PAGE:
New owner of Knights sees strong future
by Carlton D. White
cwhite@mdjonline.com
April 05, 2013 12:22 AM | 2337 views | 0 0 comments | 7 7 recommendations | email to a friend | print
The Atlanta Junior Knights began defense of their Tier III National Junior championship Thursday in Rochester, Minn.

It’s the latest sign of success from the east Cobb-based organization.

“We had a great group last year that won the South and won the North and then won the whole U.S. in Rochester,” said team owner Domenic Didomenicantonio, who, along with his wife, Kimberly, purchased the Atlanta Knights hockey organization last year. “We went from putting six kids into college last year to getting 14 kids in college, and up to 20 with scholarship offers. We went from struggling to get people to look at us, to now they look at us as the primary source in the South for hockey players.”

Such has been the growth of the Knights.

Established in 2005, the Knights, based out of the Marietta Ice Center, got their name from the minor league hockey team that played four seasons at the old Omni Coliseum in the mid-1990s. The focus of the current Knights junior organization is to develop young athletes and help them get to college.

“The Knights are a hidden gem in the city,” Didomenicantonio said. “The whole idea of the program is to put young athletes in college and get them college scholarships. The last five years, we’ve been in seven different national championships, and that’s great PR. Winning helps a lot.”

The Knights’ players are recruited from all over the country, but its foundation is developing the skills at the younger age groups. The Knights have programs ranging for 20-year-olds down to the 4- and 5-year-old age groups.

“We’re building it for the youth programs, but it’s for the whole community,” Didomenicantonio said, “When (athletes) get to that high level, we’re able to bring in kids from all over who need the opportunity or the exposure.

“We’ve asked professional coaches and players who have attracted players from the North to help with recruiting. Probably half of our team is from Michigan and Minnesota. Those kids have no reason to leave their area, but they do to come and play for a team and an organization that can get them into colleges where they might not have gotten the same looks in their local small towns and so forth.”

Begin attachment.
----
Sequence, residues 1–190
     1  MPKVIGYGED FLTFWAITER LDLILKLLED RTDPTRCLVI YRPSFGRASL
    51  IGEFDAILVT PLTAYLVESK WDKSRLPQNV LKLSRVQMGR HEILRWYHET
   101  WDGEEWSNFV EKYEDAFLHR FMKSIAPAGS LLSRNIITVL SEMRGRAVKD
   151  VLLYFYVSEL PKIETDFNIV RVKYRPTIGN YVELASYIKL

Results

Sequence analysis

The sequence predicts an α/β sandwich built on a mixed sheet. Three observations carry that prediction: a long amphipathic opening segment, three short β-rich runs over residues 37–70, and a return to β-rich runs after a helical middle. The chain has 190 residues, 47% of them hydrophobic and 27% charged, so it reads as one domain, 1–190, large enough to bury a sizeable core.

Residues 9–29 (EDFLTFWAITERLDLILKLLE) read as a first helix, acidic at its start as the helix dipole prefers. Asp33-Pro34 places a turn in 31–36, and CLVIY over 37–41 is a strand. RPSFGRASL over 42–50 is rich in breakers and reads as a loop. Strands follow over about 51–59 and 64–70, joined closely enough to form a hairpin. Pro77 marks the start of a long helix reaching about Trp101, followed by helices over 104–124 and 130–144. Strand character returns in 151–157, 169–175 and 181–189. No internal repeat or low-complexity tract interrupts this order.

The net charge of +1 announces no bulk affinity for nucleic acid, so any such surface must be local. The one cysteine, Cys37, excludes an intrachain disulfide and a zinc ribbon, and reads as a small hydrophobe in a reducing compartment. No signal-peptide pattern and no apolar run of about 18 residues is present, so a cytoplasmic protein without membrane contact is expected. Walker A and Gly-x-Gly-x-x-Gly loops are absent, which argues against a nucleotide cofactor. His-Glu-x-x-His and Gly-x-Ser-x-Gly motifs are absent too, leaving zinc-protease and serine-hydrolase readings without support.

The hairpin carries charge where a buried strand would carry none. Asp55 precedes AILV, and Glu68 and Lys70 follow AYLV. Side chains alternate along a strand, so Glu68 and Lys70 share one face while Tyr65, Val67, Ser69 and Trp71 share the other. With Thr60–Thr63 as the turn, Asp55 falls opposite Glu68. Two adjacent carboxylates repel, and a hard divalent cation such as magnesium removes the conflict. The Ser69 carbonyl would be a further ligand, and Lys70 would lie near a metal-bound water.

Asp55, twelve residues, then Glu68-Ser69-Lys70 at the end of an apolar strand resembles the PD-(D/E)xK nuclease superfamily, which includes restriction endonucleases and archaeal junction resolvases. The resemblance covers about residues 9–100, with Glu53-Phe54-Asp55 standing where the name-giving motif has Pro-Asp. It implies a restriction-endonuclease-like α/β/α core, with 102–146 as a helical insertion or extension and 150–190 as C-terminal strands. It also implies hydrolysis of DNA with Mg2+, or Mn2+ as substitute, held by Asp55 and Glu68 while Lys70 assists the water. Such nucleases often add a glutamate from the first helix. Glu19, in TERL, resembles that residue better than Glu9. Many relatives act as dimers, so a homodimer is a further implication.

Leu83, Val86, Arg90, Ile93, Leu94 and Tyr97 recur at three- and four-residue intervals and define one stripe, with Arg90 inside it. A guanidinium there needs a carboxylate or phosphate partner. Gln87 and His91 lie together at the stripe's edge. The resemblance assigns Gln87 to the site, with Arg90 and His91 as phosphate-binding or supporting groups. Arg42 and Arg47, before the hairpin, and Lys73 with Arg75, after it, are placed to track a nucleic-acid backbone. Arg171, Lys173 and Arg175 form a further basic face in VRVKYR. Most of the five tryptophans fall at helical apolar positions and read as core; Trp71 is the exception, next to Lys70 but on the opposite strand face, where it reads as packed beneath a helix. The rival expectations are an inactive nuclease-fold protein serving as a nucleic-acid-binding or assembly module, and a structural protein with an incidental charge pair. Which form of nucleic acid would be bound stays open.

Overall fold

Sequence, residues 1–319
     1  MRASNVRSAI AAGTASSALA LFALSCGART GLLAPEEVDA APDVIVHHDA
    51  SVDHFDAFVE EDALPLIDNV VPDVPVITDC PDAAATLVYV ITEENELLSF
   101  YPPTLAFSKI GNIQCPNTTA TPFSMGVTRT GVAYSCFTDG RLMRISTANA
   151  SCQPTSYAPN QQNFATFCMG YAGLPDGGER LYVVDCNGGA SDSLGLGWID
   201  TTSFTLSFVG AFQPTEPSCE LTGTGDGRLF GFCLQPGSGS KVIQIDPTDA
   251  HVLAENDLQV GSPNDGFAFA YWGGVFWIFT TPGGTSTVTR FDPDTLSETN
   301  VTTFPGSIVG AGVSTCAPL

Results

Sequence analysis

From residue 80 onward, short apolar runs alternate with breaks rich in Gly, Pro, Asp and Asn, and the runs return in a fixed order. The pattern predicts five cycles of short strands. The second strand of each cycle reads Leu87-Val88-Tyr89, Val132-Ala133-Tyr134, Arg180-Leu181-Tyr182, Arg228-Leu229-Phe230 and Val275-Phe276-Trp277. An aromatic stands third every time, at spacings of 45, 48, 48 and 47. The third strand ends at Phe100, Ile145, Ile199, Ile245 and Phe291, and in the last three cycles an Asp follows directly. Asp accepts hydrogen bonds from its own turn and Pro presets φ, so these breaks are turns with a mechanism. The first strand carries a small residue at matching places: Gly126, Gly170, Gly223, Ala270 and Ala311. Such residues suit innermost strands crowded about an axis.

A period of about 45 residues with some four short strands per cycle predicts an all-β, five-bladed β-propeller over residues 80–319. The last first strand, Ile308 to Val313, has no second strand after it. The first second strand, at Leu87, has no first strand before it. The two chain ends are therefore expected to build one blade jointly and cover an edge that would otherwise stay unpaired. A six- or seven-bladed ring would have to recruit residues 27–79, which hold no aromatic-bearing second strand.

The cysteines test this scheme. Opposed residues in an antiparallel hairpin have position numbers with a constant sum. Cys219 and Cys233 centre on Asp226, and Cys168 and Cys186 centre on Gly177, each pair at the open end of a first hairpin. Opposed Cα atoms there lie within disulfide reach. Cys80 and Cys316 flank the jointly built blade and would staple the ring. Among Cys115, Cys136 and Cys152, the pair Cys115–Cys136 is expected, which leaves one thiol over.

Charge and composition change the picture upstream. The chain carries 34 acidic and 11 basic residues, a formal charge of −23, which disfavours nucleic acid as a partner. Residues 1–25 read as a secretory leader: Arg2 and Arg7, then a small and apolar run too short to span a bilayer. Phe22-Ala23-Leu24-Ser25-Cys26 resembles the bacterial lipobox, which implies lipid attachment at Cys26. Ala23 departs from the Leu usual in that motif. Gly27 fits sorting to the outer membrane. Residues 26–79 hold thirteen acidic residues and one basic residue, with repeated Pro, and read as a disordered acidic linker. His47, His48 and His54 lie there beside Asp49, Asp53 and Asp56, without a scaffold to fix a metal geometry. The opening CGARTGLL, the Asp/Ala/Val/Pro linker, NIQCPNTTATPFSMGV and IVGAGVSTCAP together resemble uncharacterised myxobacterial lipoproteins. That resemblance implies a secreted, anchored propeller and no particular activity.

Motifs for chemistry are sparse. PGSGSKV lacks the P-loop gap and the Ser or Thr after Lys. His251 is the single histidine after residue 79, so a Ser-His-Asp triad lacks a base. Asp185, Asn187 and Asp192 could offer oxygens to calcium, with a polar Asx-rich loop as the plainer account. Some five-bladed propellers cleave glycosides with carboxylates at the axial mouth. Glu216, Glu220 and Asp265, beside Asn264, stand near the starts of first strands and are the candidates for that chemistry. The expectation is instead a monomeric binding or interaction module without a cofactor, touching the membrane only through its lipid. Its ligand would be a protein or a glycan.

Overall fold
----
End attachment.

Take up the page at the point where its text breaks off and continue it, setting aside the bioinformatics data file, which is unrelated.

To further promote hockey and create activities and opportunities for children in the area, Didomenicantonio said the organization is in the process of building another hockey rink in Cobb County, which he expects to open next on Barrett Parkway near Town Center Mall.

“The exposure from a new rink in Kennesaw with 1,000 seats will allow us to be able to have an actual venue and showcase for parents and fans to come to,” Didomenicantonio said. “Only the big arenas in this city have stands, so this would be perfect for youth and allow us to really put juniors and semi-pro teams on the map.”

A native of Winnipeg, Didomenicantonio said he has a passion to keep hockey in the area as an option for youth players, even after the Atlanta Thrashers left two years ago — coincidentally, for Didomenicantonio’s hometown.

“The people that use the hockey rinks in the area are usually transplants from northern parts of the country or cold areas,” he said. “Now, they’re down here and they have their kids in hockey. We want to involve ourselves where we’ve talked to Cobb County and travel and tourism, and we want this to be where four or five of the schools add this to their PE programs.

“That’s where having more rinks, better programs, school involvement and a sense of culture can be presented to kids earlier. It’s easier to learn the sport and skating when you’re younger.”

The success the Knights have seen has Didomenicantonio confident that he’ll see even better results in the future.

“We want the city to know that there is a junior team here playing at a high level — equivalent to the top high schools in the city competing at the junior levels because our kids get scholarships, too,” he said. “More importantly, to let the schools and communities know that it’s not just for the older kids, but for the younger kids, because with that kind of exposure, they’ll have something they’re working towards.”
Comments
(0)
Comments-icon Post a Comment
No Comments Yet
*We welcome your comments on the stories and issues of the day and seek to provide a forum for the community to voice opinions. All comments are subject to moderator approval before being made visible on the website but are not edited. The use of profanity, obscene and vulgar language, hate speech, and racial slurs is strictly prohibited. Advertisements, promotions, and spam will also be rejected. Please read our terms of service for full guides